Update on the United States


According to Newsweek, there have been 142 school shootings from 2013-Present. Courtesy of Polly Mosendz

Chrissy Martinez, Staff Reporter

Many have seen the #savenetnetality trend all over Twitter with petitions trying to keep the net neutrality rules in place. Thousands of Americans voiced their concerns through emails, phone calls and letters to congressman all over America. But on December 14, 2017 the Federal Communications Commission (F.C.C.) voted 3-2 to repeal the net neutrality rules that were installed in 2015 under the Obama administration.

The truth behind net neutrality can get lost in the wilderness of the internet, which leads to the question, what is net neutrality?

According to Dictionary.com net neutrality is “the principle that internet service providers should enable access to all content and applications regardless of the source, and without favoring or blocking particular products or websites.”

Senior Gordon Moody believes that net neutrality makes sure that the internet is an equal playing field. The net neutrality rules ensured that small or upcoming companies can distribute information the same as big media companies. This just means that internet providers such as AT&T and Verizon cannot exclusively promote one content over another. The rules made sure that all content is displayed evenly on the internet.

So what happens now after the repeal?

There have been many misconceptions as to how repealing the net neutrality rules will affect the internet. Well don’t be alarmed, services such as Netflix or Hulu won’t disappear into thin air and the internet is not dead. Companies now may or may not change how customers are billed for services. For example, T-Mobile has been criticized for promoting the “Netflix on us” at no additional charge for customers already subscribed to video service which may put other online streaming companies at a disadvantage. According to CNN, the repeal of net neutrality rules is set to go into effect April 23. As of now net neutrality rules are still repealed, but companies such as Amazon and AT&T have promised to not block any content or favor any particular products.

Another current national discussion is over gun control. To acquire an AR-15, one must be 18 years old and complete a background check including but not limited to; domestic abuse conviction, criminal records and employment history. On the other hand, a certified educator currently employed is required to submit fingerprints and undergo a national criminal history background check. So how is it that teachers are more thoroughly checked than people purchasing a semi-automatic rifle? Also, private sellers in 33 states may sell guns without performing any background checks. It is safe to say that a civilian may purchase a gun 10-40 minutes within entering the store.

According to the Stockton Record, “Wednesday’s shooting (Feb. 14) was the 17th incident of gunfire at an American school this year. Of the 17 incidents, one involved a suicide, two involved active shooters who killed students, two involved people killed in arguments and three involved people who were shot but survived. Nine involved no injuries at all.”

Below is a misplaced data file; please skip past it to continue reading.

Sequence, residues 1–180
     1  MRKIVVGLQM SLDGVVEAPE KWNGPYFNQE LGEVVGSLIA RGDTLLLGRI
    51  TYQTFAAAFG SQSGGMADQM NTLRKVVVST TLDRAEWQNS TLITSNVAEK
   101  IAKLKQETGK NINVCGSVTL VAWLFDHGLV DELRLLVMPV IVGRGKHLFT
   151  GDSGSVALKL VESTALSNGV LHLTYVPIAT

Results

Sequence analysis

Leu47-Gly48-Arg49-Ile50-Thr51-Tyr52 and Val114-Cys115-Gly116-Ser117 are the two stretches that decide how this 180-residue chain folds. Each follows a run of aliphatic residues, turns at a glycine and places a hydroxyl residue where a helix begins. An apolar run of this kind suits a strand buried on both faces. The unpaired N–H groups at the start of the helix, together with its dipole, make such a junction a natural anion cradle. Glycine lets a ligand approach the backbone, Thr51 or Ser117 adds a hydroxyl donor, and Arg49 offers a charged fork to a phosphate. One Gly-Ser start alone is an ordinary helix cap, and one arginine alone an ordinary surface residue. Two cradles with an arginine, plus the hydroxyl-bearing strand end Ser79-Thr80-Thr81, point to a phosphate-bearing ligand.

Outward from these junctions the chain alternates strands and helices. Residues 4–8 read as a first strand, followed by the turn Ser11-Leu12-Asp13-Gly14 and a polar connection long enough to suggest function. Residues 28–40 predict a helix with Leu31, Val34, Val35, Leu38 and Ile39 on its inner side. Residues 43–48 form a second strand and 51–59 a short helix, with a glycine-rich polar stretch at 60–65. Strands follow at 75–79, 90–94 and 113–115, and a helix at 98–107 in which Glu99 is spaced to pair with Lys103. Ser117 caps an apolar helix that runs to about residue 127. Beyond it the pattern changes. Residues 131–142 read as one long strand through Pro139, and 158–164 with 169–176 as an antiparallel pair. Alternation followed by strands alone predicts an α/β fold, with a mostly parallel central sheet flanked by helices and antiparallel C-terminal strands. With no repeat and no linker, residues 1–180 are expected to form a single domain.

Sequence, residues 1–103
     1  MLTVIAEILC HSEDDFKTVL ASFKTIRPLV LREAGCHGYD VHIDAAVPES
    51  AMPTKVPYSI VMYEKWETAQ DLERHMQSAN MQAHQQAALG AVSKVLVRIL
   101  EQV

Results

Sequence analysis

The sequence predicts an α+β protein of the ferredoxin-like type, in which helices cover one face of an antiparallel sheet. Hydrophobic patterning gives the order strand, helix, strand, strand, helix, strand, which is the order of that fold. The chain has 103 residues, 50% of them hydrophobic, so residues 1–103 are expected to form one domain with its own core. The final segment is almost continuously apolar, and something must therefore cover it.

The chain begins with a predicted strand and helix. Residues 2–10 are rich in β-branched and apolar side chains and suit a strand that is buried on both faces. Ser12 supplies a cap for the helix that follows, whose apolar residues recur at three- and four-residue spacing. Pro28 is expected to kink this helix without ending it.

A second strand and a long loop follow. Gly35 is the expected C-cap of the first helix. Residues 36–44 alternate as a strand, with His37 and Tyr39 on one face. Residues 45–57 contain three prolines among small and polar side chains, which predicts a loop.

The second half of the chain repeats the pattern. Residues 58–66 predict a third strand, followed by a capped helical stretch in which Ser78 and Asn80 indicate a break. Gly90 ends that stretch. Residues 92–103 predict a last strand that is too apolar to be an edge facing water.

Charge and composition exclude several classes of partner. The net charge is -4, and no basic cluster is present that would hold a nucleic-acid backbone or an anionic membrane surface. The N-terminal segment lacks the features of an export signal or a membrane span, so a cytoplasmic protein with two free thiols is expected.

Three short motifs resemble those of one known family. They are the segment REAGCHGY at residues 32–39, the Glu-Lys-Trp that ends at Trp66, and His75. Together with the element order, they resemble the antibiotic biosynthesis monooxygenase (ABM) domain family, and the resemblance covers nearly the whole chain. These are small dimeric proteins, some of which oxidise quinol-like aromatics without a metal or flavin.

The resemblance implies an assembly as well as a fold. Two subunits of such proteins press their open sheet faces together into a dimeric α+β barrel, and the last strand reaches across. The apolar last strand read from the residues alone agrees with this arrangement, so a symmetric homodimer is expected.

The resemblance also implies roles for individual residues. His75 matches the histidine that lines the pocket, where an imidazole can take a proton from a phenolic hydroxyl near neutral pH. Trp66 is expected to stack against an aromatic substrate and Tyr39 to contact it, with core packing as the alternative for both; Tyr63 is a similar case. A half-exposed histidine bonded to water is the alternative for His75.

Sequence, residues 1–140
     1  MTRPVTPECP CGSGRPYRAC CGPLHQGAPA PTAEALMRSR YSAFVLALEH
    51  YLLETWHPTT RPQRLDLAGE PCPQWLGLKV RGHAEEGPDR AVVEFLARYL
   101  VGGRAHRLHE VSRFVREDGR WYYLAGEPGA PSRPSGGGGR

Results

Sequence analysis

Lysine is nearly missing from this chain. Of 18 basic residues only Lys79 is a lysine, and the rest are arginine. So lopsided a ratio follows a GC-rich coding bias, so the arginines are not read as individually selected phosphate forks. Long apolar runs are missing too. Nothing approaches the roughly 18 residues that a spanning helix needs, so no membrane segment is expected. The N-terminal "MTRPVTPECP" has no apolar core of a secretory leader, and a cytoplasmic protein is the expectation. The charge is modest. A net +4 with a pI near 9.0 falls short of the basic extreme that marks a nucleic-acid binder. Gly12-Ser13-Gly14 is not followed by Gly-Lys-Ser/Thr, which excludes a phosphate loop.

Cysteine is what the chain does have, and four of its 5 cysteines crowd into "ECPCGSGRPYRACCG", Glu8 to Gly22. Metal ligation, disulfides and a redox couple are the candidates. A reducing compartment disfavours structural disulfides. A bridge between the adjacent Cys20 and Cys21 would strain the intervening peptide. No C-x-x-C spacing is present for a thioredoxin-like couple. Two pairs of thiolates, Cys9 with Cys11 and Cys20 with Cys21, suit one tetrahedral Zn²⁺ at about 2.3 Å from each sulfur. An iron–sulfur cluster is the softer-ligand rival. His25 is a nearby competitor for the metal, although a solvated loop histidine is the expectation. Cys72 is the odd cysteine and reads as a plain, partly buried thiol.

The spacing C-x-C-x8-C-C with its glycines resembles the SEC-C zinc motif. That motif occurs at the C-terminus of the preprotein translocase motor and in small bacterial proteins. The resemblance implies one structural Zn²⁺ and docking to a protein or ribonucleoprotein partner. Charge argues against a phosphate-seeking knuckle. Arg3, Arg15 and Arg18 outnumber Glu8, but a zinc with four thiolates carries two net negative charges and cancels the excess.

When asked if there should be stricter gun control, senior Sydney Feinstein says, “Its come to a point where people are abusing it [second amendment] and it’s a little bit out of control and I think there needs to be restrictions… just because it’s our amendment right doesn’t mean you can just abuse that power.” Since the school shooting in Parkland, Florida more than 70,442 students plan to participate in the “National High School student walk out” on April 20, the 19th anniversary of the Columbine shooting.

Will there be stricter gun laws?

According to Vox News, when asked about what Congress can get done on gun control legislation, Senator Ben Cardin (D-MD) said “I’m outraged. You’ve got to do more than say that our prayers are with the victims and their families — and they are — but you need to have action. The American people expect action. There’s no excuse why the majority leader hasn’t brought up for a vote the bump stock issues or assault weapons or background checks or large-capacity magazines. All those issues, there’s just no excuse why we haven’t had votes on the floor of the Congress.” When asked if there’s anything congress can do to tighten gun laws, Roy Blunt (R-MO) said, “I don’t think we would know yet; it appears that the gun laws that you would assume should be in place were in place and complied with. Clearly, there’s a lack of people sharing information that they have about unstable individuals, and I don’t know what you do about that, whether it’s terrorists or just people intent on doing bad things. But you can’t continue to let people say they’re going to do bad things and not tell anybody.”

AP Government teacher, Mr. Brandon Castor, shared his own thoughts on gun control. “Definitely raising the (age) limit to 21 would be a start.” Just so happens President Donald Trump encouraged lawmakers last Wednesday (Feb. 28) to pass an inclusive bill that would raise the age limit to 21 and enforcing stricter background checks.